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Law School clinics’ work recognized at halftime of UT Women’s Basketball game

On February 6, 2013, the UT Athletics Academic Accolades Program recognized the work of (left to right) Law School clinical faculty Heather Way, Jeana Lungwitz, Barbara Hines, and Ariel Dulitzky. Also recognized were Dr. Lynn Rew of the UT-Austin School of Nursing (second from right), standing with her family and UT Women’s Athletics Director Chris Plonsky (far right).

On February 6, 2013, the UT Athletics Academic Accolades Program recognized the work of (left to right) Law School clinical faculty Heather Way, Jeana Lungwitz, Barbara Hines, and Ariel Dulitzky. Also recognized were Dr. Lynn Rew of the UT-Austin School of Nursing (second from right), standing with her family and UT Women’s Athletics Director Chris Plonsky (far right).

The Law School’s clinics were honored February 6, 2013, during the halftime of the University of Texas at Austin Women’s Basketball team’s game against Iowa State University. Ariel Dulitzky, director of the Human Rights Clinic; Barbara Hines, co-director of the Immigration Clinic; Jeana Lungwitz, director of the Domestic Violence Clinic; and Heather Way, director of the Community Development Clinic, came out onto the basketball court to the applause of spectators. The recognition was part of UT Athletics’ Academic Accolades Program, which honors the vast academic accomplishments across the University of Texas campus.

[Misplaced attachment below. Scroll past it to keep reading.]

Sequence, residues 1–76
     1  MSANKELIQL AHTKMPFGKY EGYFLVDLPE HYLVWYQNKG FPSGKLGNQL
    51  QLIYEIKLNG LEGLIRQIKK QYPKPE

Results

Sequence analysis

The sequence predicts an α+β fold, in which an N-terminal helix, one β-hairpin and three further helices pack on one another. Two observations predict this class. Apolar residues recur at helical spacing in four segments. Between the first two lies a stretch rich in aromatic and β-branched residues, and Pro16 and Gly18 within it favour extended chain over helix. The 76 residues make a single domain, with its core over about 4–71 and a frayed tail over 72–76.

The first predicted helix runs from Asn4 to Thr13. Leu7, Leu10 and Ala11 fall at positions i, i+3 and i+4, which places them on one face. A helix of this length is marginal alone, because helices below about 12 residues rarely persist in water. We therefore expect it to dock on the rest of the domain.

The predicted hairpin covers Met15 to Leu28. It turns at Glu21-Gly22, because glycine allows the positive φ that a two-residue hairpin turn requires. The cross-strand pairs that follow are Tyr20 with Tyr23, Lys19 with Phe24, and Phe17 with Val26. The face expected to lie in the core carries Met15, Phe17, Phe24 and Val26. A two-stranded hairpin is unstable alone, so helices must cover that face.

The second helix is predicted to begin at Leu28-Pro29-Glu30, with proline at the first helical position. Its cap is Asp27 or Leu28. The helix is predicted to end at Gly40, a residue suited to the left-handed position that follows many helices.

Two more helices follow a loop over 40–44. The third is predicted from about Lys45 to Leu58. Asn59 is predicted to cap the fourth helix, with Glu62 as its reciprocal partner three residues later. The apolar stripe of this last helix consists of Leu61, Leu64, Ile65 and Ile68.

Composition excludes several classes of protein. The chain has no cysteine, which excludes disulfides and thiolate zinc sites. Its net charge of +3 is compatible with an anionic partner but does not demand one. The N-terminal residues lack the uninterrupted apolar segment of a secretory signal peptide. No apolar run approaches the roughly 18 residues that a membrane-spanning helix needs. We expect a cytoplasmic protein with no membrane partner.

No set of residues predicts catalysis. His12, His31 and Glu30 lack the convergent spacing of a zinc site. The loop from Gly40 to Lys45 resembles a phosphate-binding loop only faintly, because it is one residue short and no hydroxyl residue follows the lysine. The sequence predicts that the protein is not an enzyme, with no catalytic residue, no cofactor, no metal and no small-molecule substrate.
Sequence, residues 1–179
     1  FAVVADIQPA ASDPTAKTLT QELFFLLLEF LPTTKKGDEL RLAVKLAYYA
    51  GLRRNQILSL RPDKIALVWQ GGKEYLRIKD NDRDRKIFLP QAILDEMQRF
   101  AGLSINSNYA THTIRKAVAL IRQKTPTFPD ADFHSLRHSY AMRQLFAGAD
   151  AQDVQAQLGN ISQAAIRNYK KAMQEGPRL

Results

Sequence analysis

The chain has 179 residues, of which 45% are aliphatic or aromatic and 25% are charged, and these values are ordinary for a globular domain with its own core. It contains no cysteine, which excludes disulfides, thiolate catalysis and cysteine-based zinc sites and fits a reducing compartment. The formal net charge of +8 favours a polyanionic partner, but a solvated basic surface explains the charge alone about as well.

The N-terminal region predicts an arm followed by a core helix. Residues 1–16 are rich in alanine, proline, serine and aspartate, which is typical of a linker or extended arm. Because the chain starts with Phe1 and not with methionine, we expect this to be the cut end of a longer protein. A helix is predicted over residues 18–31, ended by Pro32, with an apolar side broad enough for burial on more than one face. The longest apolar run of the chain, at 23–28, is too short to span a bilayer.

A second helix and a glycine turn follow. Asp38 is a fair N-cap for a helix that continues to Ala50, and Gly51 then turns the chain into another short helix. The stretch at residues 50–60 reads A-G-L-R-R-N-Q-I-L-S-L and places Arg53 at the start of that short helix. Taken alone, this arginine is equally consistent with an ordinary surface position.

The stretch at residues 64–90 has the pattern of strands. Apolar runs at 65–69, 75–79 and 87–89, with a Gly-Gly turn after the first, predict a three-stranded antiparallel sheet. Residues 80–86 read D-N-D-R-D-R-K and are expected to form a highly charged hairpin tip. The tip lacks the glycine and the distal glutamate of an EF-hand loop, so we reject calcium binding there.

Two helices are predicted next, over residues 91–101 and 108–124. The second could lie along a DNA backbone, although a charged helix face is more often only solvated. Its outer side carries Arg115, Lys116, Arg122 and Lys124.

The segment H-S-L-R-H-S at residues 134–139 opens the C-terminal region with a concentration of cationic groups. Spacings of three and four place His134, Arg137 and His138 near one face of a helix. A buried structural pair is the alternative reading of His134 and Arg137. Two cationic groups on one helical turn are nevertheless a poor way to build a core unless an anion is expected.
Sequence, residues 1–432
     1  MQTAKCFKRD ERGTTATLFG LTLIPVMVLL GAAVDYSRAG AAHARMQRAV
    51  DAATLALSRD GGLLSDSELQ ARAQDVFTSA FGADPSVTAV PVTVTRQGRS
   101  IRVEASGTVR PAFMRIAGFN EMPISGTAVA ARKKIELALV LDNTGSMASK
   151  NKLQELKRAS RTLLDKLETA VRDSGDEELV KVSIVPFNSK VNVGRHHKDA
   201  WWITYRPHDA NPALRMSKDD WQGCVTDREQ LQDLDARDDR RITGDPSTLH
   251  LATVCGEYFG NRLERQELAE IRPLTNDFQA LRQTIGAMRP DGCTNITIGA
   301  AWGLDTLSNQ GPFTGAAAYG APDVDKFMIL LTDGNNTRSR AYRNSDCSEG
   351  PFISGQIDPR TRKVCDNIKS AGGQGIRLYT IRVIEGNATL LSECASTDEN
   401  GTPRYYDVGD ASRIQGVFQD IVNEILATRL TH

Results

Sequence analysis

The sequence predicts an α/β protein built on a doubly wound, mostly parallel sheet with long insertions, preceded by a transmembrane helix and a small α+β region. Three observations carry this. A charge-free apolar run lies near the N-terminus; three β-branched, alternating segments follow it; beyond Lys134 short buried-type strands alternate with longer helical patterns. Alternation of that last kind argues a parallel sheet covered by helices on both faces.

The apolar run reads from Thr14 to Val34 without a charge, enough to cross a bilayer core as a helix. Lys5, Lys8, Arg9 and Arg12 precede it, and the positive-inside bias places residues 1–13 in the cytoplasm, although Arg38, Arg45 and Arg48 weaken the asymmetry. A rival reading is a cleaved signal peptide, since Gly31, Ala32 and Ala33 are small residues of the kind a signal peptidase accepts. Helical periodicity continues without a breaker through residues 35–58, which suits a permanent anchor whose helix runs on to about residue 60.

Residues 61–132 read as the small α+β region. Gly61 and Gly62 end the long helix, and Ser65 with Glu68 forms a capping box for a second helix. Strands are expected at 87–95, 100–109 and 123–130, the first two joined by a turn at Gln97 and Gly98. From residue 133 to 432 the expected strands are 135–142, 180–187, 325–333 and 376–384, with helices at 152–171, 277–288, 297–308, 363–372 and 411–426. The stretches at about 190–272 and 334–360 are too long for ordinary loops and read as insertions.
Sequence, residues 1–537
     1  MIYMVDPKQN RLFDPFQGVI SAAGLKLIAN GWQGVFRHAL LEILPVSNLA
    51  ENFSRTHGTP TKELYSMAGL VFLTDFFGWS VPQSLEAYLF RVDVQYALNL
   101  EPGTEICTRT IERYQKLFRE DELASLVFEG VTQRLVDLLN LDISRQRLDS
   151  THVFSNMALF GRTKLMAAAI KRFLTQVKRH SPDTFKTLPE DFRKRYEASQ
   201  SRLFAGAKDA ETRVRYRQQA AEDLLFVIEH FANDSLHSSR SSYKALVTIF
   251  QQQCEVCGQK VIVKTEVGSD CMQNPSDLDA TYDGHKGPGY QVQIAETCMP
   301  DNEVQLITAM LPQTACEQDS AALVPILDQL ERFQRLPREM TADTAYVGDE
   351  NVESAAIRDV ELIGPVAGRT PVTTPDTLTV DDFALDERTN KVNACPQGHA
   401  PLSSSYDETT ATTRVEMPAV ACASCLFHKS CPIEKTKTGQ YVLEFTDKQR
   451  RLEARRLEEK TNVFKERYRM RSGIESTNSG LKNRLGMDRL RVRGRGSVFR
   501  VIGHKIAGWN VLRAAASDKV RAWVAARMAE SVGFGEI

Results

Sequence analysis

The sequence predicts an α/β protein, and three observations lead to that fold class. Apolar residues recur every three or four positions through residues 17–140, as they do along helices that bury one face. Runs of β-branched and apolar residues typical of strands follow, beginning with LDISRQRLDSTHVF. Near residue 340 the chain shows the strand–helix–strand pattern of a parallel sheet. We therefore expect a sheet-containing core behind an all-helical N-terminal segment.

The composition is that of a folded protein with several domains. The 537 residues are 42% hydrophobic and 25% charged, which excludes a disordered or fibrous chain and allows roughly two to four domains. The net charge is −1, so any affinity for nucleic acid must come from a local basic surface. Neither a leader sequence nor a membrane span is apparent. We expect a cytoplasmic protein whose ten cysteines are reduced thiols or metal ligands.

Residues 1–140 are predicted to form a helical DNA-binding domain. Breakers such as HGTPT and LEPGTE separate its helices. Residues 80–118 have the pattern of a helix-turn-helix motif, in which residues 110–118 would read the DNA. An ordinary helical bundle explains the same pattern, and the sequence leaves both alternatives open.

The arena announcer mentioned the Law School’s “large and vibrant clinical education program, with seventeen different clinics in which students provide much-needed legal help to hundreds of individuals and groups in our community each year.” Law School clinical faculty were joined by Chris Plonsky, UT Women’s Athletics Director, and Dr. Lynn Rew, Denton and Louise Cooley and Family Centennial Professor in Nursing at the UT-Austin School of Nursing, whose research on the health behaviors of adolescents, especially homeless and minority youth, was also being recognized as part of the Academic Accolades Program.

The Law School’s clinical program is one of the largest in the country. The first clinic was established in 1974 and more than four hundred upper-class students participate annually in our seventeen clinics and six internships. Students in our clinical courses work on legal issues in real-world settings. While representing clients, working on cases, and serving as interns, students get great first-hand experience and learn how to practice law. Clinics and internships integrate skills, theory, strategy, and law, building a bridge between the classroom and the legal profession.

(Photo by Steph Swope)

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